A Sense of Regard
Essays on Poetry and Race

Edited by Laura McCullough

Searing, evocative reflections on how literature addresses a perennially vexed issue


“Race is an old topic in poetry, but it still urges for in-depth exploration of visible or invisible labels of politics and racialization in America. This book, which gathers a collection of essays from poets and critics of different races, presents multiangle views about race and its relationship with poetry; the combined perspectives in A Sense of Regard has the potential to make a more significant contribution to the topic of poetry and race than any single author could accomplish.”
—Jianqing Zheng, editor of The Other World of Richard Wright: Perspectives on His Haiku

“An important book. I am hard pressed to think of many anthologies that take on a cultural scope this wide and varied. Such a book needs to exist in the world, especially since our literary landscape largely lacks this kind of critical engagement with poetry, specifically written by poets rather than ‘traditional scholars.’”
—Matthew Shenoda, author of Tahrir Suite


A Sense of Regard, says Laura McCullough, “is an effort to collect the voices of living poets and scholars in thoughtful and considered exfoliation of the current confluence of poetry and race, the difficulties, the nuances, the unexamined, the feared, the questions, and the quarrels across aesthetic camps and biases.”

The contributors discuss issues as various as their own diverse racial and ethnic backgrounds. Their essays, which range in style from the personal and lyrical to the critical, are organized into four broad groupings: Americanism, the experience of unsilencing and crossing borders, interrogating whiteness, and language itself. To read them is to listen in as the contributors speak what they know, discover what they do not, and in the process often find something new in themselves and their topic. As a reader you are invited, says McCullough, “to be moved from one sense of regard to another: to be provoked and to linger in that state. . . . To query, quarrel, and consider.”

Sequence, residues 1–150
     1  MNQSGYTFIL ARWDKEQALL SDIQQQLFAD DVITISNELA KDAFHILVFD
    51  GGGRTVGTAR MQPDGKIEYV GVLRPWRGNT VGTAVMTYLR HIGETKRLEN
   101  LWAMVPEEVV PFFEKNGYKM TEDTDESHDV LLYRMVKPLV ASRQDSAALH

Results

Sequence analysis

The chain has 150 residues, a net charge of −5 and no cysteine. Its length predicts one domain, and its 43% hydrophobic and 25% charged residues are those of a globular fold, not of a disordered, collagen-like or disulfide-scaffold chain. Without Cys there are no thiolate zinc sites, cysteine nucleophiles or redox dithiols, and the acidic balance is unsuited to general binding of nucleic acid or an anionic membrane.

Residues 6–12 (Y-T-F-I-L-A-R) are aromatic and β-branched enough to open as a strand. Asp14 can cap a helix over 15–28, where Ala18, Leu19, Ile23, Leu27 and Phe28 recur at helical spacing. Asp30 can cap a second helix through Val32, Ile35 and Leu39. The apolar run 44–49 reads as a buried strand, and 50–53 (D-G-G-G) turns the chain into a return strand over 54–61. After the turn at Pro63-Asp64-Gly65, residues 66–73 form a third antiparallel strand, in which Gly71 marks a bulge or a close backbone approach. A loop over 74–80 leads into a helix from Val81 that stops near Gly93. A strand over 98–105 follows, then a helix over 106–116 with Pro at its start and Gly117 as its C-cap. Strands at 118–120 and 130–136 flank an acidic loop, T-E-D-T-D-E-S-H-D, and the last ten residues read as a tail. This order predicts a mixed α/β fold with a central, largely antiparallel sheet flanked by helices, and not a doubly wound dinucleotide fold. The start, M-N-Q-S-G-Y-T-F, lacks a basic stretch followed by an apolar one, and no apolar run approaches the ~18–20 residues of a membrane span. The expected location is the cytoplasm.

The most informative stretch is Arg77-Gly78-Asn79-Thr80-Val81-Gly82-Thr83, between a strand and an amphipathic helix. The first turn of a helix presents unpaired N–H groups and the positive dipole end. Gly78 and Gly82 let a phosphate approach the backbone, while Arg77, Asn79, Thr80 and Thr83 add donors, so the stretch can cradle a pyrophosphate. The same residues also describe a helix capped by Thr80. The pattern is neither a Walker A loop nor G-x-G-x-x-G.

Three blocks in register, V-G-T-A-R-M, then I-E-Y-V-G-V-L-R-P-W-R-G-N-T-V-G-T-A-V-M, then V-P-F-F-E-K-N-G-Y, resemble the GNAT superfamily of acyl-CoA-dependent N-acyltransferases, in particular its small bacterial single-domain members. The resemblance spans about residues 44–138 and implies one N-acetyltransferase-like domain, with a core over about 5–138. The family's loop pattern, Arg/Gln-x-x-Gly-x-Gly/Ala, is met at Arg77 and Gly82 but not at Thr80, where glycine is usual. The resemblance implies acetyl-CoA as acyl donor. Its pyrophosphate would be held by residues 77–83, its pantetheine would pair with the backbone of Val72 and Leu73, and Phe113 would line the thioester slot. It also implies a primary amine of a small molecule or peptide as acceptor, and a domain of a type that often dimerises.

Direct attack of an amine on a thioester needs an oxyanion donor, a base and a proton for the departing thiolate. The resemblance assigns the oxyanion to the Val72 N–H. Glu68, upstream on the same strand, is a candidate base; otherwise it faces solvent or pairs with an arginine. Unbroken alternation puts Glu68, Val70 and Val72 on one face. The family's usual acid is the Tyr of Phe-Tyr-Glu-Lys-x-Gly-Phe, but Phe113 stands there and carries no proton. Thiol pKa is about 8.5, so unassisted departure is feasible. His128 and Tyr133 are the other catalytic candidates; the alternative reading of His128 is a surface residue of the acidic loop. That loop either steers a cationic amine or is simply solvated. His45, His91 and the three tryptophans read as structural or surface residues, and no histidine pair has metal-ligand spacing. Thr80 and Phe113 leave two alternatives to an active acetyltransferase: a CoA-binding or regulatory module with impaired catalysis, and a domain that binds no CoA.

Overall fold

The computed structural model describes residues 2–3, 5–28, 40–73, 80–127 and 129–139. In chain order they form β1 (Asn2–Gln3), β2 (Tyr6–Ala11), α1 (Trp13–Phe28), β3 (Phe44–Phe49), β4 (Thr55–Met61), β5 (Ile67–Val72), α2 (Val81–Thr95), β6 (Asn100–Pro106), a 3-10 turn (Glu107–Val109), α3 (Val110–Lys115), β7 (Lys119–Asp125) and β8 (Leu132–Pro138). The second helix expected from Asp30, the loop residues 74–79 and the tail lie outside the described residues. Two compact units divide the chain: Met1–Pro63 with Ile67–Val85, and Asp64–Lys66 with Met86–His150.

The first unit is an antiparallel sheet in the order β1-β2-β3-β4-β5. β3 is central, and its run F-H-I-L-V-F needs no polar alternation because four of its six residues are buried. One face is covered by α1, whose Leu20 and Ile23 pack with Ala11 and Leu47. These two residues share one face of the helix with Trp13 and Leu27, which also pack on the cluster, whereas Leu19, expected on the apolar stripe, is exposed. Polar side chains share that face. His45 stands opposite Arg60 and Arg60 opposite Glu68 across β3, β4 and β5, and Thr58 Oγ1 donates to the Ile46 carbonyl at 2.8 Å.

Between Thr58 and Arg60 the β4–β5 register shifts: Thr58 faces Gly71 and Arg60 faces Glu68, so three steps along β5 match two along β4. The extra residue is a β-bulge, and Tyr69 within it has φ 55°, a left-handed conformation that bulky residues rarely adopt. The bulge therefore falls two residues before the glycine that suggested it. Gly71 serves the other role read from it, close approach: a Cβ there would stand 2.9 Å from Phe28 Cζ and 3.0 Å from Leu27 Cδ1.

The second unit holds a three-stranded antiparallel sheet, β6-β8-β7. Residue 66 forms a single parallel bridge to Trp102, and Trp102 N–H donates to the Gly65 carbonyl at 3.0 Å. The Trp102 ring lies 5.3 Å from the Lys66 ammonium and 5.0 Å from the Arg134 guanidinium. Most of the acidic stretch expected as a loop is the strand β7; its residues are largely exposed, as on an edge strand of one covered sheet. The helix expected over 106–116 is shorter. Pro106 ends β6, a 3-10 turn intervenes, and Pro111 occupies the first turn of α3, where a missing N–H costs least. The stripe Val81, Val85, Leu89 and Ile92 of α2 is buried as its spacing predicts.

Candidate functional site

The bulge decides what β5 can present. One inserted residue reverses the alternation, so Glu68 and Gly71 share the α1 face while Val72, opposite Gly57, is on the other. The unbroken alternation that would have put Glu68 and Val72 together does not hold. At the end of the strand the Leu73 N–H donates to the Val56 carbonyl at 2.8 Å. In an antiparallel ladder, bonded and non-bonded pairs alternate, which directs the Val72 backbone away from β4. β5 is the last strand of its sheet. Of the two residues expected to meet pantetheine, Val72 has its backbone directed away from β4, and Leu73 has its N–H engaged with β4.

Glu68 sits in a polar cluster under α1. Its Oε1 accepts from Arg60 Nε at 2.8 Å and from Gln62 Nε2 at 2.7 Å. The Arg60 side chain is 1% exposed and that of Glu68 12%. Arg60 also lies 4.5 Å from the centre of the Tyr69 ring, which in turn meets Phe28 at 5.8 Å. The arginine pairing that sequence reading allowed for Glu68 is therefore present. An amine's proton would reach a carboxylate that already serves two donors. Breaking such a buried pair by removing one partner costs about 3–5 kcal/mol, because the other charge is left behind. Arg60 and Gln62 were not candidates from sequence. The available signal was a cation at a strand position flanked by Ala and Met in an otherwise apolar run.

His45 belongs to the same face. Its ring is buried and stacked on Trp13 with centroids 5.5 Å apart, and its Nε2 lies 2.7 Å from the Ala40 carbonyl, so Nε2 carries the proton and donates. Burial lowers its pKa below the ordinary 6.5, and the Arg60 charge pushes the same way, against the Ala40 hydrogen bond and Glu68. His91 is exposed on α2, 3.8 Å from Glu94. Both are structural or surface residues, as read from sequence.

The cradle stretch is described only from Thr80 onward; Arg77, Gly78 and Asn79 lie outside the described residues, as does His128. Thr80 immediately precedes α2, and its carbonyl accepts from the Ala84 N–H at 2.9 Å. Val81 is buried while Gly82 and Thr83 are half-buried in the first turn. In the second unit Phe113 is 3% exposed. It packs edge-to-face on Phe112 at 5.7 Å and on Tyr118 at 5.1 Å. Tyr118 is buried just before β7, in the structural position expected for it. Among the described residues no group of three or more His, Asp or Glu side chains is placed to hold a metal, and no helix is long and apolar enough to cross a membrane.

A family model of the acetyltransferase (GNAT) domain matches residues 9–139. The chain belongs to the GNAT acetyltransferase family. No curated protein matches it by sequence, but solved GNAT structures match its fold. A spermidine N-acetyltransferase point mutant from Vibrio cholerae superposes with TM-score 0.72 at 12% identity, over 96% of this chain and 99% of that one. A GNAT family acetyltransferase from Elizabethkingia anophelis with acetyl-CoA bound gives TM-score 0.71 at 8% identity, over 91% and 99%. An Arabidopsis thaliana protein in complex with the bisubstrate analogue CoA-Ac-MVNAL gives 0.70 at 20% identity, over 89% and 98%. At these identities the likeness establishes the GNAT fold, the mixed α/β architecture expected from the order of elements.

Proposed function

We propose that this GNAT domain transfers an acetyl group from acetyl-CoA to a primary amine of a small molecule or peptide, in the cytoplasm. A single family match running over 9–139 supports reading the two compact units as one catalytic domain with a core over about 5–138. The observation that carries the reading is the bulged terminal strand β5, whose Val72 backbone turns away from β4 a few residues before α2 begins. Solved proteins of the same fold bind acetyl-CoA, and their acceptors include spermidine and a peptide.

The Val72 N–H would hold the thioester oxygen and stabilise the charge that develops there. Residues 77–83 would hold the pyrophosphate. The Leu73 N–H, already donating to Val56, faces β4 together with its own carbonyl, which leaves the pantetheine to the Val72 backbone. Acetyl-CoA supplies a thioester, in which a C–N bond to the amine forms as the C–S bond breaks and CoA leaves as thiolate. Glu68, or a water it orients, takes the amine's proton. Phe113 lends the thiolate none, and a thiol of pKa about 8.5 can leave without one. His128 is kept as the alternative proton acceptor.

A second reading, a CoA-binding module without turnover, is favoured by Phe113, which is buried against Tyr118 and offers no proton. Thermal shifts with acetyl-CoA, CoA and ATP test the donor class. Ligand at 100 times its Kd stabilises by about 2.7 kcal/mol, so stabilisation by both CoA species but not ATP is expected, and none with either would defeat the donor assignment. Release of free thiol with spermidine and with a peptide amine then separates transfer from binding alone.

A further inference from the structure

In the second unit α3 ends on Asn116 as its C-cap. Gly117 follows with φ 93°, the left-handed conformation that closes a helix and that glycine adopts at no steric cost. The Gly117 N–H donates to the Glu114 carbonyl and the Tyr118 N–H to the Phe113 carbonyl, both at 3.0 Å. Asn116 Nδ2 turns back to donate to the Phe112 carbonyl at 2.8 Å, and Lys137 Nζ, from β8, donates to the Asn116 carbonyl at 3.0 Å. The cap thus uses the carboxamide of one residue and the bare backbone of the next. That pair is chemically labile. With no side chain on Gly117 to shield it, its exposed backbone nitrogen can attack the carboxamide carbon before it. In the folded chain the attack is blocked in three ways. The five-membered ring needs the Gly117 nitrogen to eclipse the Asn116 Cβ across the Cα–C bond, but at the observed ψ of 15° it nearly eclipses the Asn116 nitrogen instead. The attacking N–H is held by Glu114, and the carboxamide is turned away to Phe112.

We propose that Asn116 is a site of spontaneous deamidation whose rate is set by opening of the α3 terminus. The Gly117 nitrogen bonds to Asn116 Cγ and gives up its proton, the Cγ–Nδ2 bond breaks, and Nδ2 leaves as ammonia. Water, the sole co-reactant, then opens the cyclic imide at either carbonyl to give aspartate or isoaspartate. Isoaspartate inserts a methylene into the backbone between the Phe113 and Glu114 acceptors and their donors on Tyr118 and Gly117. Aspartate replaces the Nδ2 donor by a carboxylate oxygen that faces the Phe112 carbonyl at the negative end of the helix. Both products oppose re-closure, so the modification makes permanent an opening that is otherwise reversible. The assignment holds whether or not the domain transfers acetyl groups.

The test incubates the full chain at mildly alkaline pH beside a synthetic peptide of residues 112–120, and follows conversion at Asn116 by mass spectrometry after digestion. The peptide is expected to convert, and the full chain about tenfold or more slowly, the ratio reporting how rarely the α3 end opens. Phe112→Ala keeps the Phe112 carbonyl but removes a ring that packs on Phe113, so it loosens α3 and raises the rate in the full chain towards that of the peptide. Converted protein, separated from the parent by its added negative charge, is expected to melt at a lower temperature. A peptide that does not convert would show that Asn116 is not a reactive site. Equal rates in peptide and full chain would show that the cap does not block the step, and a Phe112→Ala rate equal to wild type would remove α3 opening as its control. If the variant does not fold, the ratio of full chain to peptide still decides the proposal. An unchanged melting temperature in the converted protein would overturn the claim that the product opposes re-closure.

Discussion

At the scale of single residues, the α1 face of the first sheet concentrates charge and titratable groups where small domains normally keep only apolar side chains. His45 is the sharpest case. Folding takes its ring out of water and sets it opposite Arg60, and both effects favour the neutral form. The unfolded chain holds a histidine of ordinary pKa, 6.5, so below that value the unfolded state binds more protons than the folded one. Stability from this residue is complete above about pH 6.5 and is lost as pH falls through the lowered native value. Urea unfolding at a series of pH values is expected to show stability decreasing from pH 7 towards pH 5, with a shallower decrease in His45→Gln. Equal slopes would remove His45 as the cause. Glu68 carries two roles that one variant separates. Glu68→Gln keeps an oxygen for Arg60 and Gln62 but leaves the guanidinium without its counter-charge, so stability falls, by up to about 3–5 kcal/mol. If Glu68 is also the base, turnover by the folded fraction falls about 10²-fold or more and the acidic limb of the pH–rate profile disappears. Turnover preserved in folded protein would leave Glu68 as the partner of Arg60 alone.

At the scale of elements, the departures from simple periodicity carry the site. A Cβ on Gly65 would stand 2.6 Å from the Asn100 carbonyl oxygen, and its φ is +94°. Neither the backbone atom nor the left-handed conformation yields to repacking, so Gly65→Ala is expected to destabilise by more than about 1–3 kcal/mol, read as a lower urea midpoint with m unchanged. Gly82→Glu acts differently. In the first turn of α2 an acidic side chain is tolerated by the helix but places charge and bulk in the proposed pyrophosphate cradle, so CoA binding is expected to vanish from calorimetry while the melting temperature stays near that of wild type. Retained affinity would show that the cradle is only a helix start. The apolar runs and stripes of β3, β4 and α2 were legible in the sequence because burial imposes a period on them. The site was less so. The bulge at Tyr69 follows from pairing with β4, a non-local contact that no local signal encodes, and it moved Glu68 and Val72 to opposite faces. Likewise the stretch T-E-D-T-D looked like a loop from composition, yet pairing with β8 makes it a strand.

A Sense of Regard grew out of a recent gathering of the Association of Writers and Writing Programs (AWP), where a poet’s comments on the work of another sparked impassioned and contentious conversations in person, in print, and online. Though race is often thought of as an age-old topic in poetry, McCullough saw clearly that there is still much to discuss, study, and tease apart. Moving the conversation beyond the specificity of those initial AWP encounters, with their mostly black/white focus on race, these essays provide a context and a safe starting place for some urgently needed discussions we too rarely have.


Page count: 288
Trim size: 6 x 9


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Laura McCullough is an associate professor of English at Brookdale Community College. Her essays, criticism, poems, creative nonfiction, and short fiction have appeared in a wide range of literary magazines and journals, and her books include the poetry collections Rigger Death & Hoist Another, Panic, Speech Acts, and What Men Want. Her hybrid works include Ripple & Snap and Shuttle*Voices*Wind. She is the editor of the anthology The Room and the World: Essays on the Poet Stephen Dunn. McCullough is also the founding editor of Mead: The Magazine of Literature and Libations, for which she currently acts as an editor-at-large.